7. No resurrection. When I preached in Owensboro, Kentucky, I lived three blocks from a D of C group whose minister did not believe Jesus was literally resurrected. He said it was “a resurrection of the cause.”
8. No atonement. I have no evidence that the “figurative resurrection” view is widespread among the D of C. If it is, how could there be any atonement for sin?
This is just a step from agnosticism and then total atheism. The alarming thing that should grab Independent Christian Churches, institutional, and non-institutional brethren, is that a little over 100 years ago these would have been our brethren! While we often think apostasy occurs slowly, this one has occurred at breakneck speed.
We do not charge each member of the D of C with approving all these doctrinal changes. But because of the pyramid structure (President, General Assembly, etc.), the rank-and-file are helpless to stop it. Caught in their own trappings.
What This Means to Independent Christian Churches
Some of them are already on the fourth step downward, a few steps behind the D of C, having accepted denominational baptisms, the social gospel, instrumental music, conventions (though not identical to some denominational conventions they assemble to partake the Lord’s Supper, something that only local churches are authorized to do).
What This Means to Institutional Churches of Christ
They have lectured and written tracts advocating that “there is no pattern” to “the work of the church.”
By their “brotherhood” elderships in the Sponsoring Church and their boards for doing benevolent and evangelistic work, they have said there is no pattern to “the organization of the church.” Some who are leading the way are on the same step with Independent Christian Churches. They believe instrumental music is premissible, thus no pattern to the worship. Freed-Hardeman University has volunteered to be a battleground by hosting a discussion from men on both sides of this controversy on October 12, 1991.(8) Women have been singing solos and teaching classes over men, such as at the “Nashville Jubilee” (1989-91).(9) Some are teaching that we are saved by grace alone, totally apart from any human activity.”(10)
Two groups are emerging. Some are trying to hold the line at the second step. They are now teaching “Pattern Authority.” Robert Taylor spoke on this topic at the Southwest Lectures (reprinted in In Word and Doctrine, July-September, 1991). Sounding like an “anti,” he said “Pattern authority undergirds every fundamental facet of the Lord’s church.” He then enumerated the areas: the Christian life, our worship, the organization of the church, the names we wear, the mission, our fellowship, the plan of salvation, etc. But he forgot to tell us about a pattern of cooperation in evangelism and benevolence. Since he believes “pattern authority undergirds every fundamental facet of the Lord’s church,” he must believe there is a pattern for church cooperation. None of them has ever told us what that pattern is. They have always denied that there was one. Brother Taylor will have to go against a whole line of institutional brethren, tracts, and articles who have argued that “there is no pattern.”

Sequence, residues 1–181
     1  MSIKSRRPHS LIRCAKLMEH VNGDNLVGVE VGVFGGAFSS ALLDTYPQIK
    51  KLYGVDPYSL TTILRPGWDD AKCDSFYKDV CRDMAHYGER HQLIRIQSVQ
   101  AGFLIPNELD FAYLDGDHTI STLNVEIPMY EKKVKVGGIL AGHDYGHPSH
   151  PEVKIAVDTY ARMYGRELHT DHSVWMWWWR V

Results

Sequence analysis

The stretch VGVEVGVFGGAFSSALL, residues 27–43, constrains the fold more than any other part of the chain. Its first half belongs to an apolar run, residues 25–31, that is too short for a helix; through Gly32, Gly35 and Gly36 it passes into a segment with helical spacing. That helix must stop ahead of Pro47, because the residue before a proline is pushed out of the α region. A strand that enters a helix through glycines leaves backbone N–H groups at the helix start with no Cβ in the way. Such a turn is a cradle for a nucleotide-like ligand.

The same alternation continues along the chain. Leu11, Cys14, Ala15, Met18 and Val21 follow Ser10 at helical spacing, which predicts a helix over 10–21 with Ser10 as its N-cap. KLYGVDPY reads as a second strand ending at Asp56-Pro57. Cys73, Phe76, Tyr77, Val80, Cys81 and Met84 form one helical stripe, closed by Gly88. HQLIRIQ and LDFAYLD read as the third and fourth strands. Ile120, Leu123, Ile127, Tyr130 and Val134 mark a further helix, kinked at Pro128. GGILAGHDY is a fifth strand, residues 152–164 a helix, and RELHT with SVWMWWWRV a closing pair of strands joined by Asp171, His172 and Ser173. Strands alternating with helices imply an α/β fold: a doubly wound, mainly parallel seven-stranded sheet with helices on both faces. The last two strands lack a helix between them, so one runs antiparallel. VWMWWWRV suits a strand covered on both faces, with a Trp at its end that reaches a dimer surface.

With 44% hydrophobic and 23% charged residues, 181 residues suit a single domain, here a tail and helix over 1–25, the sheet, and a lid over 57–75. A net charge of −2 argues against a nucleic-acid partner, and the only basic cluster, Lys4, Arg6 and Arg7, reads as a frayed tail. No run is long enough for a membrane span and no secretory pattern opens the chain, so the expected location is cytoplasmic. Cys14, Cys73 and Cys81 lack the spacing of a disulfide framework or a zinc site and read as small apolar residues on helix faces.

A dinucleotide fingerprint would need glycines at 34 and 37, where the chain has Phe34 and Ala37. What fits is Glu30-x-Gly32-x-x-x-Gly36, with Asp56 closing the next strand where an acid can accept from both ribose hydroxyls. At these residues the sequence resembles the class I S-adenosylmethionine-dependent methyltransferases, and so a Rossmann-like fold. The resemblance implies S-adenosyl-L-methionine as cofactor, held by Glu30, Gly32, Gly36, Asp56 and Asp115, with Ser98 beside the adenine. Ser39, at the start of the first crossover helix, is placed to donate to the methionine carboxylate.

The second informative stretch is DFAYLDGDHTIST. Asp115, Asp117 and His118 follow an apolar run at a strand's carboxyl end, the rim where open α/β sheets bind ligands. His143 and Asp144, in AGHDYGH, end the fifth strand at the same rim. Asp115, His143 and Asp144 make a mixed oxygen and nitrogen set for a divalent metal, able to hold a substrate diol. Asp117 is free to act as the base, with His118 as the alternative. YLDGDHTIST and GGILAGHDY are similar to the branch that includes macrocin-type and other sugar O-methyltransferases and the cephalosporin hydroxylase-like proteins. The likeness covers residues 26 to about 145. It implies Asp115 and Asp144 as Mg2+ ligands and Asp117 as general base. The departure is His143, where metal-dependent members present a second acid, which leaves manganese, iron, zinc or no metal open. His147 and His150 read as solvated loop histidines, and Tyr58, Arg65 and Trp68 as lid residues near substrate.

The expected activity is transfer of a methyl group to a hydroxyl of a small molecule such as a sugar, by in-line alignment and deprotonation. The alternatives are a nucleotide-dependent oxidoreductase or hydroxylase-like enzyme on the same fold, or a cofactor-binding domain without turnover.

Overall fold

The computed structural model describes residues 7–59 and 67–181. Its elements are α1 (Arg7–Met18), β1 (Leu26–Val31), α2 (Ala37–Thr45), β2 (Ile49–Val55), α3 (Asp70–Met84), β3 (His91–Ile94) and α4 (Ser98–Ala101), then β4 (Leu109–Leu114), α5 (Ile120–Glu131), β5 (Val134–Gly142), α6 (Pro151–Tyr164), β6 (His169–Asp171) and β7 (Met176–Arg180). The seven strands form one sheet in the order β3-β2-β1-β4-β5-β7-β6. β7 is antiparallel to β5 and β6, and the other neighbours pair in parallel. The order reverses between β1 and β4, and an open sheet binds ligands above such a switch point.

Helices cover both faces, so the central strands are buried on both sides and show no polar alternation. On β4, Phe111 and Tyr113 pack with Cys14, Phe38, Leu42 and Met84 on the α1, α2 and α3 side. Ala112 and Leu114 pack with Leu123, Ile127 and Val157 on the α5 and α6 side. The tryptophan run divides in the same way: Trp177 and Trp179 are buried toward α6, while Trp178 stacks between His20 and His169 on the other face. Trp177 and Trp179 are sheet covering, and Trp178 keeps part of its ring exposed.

Brother Taylor and others are trying to put the brakes on, but they are too late and their opposition is weak. The brakes are greased with a little “liberalism” and won’t hold. They can’t afford to argue too strongly that there is a “pattern for every facet of the church” without having to give up their sponsoring churches, benevolent societies, “fellowship” halls, day care centers, kindergartens, etc. If brethren are going to preach “pattern authority” they need to begin with the work and organization of the church. This is where apostasy began for the Disciples of Christ and it is where it began for institutional churches of Christ.
What It Means for Non-Institutional Churches of Christ
I don’t know of any non-institutional brethren who are headed down these steps at the present, but some who have gone out from us are on step number four and are engaged in ecumenical relationships.(11)
It means we must not grow weary in pressing the issues with institutional brethren if we are to salvage any of them. It means we must put ourselves and our people in remembrance, though we may have grown tired of preaching these truths “lest haply we drift away from them” (Heb. 2:1). It means we must be more militant in attacking error and pointing out where some of these “seemingly harmless” views lead. Each step downward represents a degree of unbelief in the all-sufficiency of the Scriptures to furnish us completely.
Before you head down these steps, take a look at the bottom one.
Guardian of Truth XXXV: 22, pp. 684-686
November 21, 1991